Towards the end of March 2011, Amazon released its cloud computing system to the world. The system is the first consumer technology of its kind that users can purchase for uploading their documents, presentations, and music to the internet with cloud computing technology.
Cloud computing moves the online experience from the confines from a physical data center to a “cloud,” or an online environment where users can store, manage, upload , and download information for use. Amazon is the first online retailer to make cloud technology available directly to consumers with storage for music media.
Many other corporations, like Microsoft, have provided cloud technology for business enterprise purposes. Even federal agencies have begun transferring to cloud technology to save money in operating expenses for hardware resources and IT costs.
With Amazon’s cloud computing users can upload information on an Amazon Cloud Drive for a pay-as-you-go fee to make the information available on their IPADs, computers, laptops, mobile phones, and other technological devices. Alternatively, without cloud computing technology, users would normally have to transfer data between these various technology devices, or sync their devices to access their information manually.
Amazon’s Cloud Computing strives to eliminate restrictions in the flexibility of the way that users access and work with their own information. It aims to make a way for users to take technology wherever they go without being chained to one specific technological device, because information is automatically available without syncing.
Although Amazon has many consumers who are fans of the introduction of cloud computing technology, some of its major critics include Sony Music and the Recording Industry Association of America (RIAA), who complain that Amazon failed to obtain song licenses prior to opening its Cloud Music Player to the public. These recording industry giants claim Amazon is liable for copyright infringement, if it continues without purchasing song and movie licenses.
Amazon’s Cloud Music Player permits users to upload their songs to digital library for playback on their Android phones, their laptops, and tablets, as long as they install the appropriate Amazon app. Also, users may purchase MP3 songs from Amazon that they can store on the Cloud Player as well. The Cloud Player consists of 5GB of free digital storage that can be upgraded to up to 20GB, if a user purchases an Amazon MP3 album.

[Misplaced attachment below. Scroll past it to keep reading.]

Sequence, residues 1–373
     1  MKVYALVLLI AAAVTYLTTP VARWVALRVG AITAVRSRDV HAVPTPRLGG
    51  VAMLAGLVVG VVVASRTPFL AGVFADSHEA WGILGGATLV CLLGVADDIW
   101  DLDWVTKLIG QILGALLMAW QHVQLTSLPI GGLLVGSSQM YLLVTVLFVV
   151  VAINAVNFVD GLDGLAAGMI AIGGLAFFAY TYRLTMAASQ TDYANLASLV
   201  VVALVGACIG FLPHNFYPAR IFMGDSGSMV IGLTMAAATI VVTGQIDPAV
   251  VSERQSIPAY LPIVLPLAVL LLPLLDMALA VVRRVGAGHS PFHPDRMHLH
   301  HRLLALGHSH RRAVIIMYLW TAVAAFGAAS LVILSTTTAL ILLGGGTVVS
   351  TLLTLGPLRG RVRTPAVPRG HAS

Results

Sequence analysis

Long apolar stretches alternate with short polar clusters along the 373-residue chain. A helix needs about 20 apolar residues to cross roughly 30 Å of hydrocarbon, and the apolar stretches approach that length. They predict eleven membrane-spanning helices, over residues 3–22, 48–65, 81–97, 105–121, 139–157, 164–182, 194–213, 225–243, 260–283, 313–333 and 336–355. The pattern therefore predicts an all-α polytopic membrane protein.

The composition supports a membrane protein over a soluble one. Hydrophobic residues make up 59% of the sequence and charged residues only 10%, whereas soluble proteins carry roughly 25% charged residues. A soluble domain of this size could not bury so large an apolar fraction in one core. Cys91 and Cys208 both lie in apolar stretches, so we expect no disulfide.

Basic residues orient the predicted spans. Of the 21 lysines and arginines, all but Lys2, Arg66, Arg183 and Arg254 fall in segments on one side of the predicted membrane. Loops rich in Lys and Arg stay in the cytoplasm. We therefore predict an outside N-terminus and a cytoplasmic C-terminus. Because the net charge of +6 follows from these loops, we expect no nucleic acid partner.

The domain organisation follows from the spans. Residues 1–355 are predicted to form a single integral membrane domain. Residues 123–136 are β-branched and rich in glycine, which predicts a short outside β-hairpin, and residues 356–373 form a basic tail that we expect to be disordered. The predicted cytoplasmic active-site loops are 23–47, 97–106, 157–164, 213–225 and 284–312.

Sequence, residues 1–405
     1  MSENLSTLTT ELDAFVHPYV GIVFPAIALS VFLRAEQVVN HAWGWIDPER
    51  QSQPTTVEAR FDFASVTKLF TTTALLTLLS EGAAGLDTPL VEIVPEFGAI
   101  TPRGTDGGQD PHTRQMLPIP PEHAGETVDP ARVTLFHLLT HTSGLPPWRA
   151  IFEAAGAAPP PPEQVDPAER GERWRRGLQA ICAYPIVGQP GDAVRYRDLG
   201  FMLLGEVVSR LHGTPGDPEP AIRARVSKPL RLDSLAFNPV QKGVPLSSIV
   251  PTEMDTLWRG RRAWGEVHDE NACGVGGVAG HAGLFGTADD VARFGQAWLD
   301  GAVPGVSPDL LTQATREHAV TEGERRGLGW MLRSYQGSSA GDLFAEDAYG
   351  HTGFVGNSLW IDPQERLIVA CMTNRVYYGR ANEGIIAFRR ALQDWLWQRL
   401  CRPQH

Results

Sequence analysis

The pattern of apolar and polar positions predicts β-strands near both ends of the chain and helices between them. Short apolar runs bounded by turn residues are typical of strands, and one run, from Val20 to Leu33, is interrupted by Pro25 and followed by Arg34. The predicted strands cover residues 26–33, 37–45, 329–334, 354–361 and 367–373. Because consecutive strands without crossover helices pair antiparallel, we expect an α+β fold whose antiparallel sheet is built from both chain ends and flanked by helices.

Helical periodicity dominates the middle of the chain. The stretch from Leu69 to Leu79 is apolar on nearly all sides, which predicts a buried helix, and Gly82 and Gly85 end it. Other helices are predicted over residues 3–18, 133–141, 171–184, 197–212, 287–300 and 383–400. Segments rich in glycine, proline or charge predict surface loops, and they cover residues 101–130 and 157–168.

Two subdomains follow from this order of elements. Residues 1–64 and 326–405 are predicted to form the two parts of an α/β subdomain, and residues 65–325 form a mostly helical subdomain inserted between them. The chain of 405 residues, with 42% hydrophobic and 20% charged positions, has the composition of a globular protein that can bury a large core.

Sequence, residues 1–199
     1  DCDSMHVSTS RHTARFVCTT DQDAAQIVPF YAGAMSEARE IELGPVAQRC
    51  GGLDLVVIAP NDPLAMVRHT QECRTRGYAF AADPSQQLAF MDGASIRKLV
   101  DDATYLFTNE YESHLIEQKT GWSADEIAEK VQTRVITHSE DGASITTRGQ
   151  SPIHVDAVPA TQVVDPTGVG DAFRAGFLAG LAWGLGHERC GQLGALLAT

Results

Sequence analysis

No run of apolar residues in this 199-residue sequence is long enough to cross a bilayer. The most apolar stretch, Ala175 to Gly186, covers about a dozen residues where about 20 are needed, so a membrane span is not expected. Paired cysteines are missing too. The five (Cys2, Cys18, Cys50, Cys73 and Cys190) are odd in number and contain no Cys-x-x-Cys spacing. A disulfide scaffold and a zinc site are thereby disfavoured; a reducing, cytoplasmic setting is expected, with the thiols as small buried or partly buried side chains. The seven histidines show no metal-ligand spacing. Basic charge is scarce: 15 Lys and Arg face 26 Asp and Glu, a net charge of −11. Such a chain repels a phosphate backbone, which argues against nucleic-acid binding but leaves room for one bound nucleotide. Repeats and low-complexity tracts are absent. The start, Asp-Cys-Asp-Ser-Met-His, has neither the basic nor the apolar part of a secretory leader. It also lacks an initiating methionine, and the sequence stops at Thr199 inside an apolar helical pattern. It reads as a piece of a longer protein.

Basically, Amazon’s Cloud Player re-introduces the issue of digital rights management, a key concern in copyright law, which says corporations have control over the purpose for the usage of digital files. In other words, companies believe users should pay for the same download multiple times, when users wish to use their downloads on their iPADs, iPODs, and computers.
This idea of digital rights management is the reason why many consumers have resorted to “hacking” their iPODs, opening their iPOD systems, so that they may play songs downloaded from iTunes on their laptops and PCs. Moreover, corporations lose profits in missed opportunities to charge licensing fees, when users transfer songs to be played on multiple devices.
On the contrary, users and consumer technology groups argue that when a user buys a download, the user should not be charged multiple times for the same download, since the user has already purchased the rights to the download. For example, these advocate groups believe when a user downloads a song onto their iPAD, that user has already purchased the rights to play the song on his or her iPhone.
Unfortunately, record companies disagree, and their disagreement has long led an intense copyright litigation debate over whether the user or the record corporation has the right to control digital rights to a song, after it is purchased and downloaded once. This digital rights management applies to Amazon’s Cloud Player, because the player allows users to hear their previously purchased songs wherever and on whatever devices they wish without obtaining permission from recording corporations, or paying additional licensing fees.
Because Sony Music and other music entertainment corporations stand to lose a large amount in profits, technology industry analysts assume Amazon increased its vulnerability to copyright infringement litigation as previous predecessors, like MP3Tunes.com, which has been embroiled in three year lawsuit for copyright infringement. No corporation has filed any lawsuits against Amazon for copyright infringement, so Amazon continues to push everyone to its cloud.
Eric Knorr. “What Cloud Computing really means…,” InfoWorld.com.
Greg Sandoval. “Amazon’s cloud risks war with labels, studios,” CNET.com.
Jacqui Cheng. “Music Industry will force licenses on Amazon Cloud Player –or else,” Arstechnical.com.
Rob Pegoraro. “Will Amazon’s Cloud Player, the network is the cable,” WashingtonPost.com.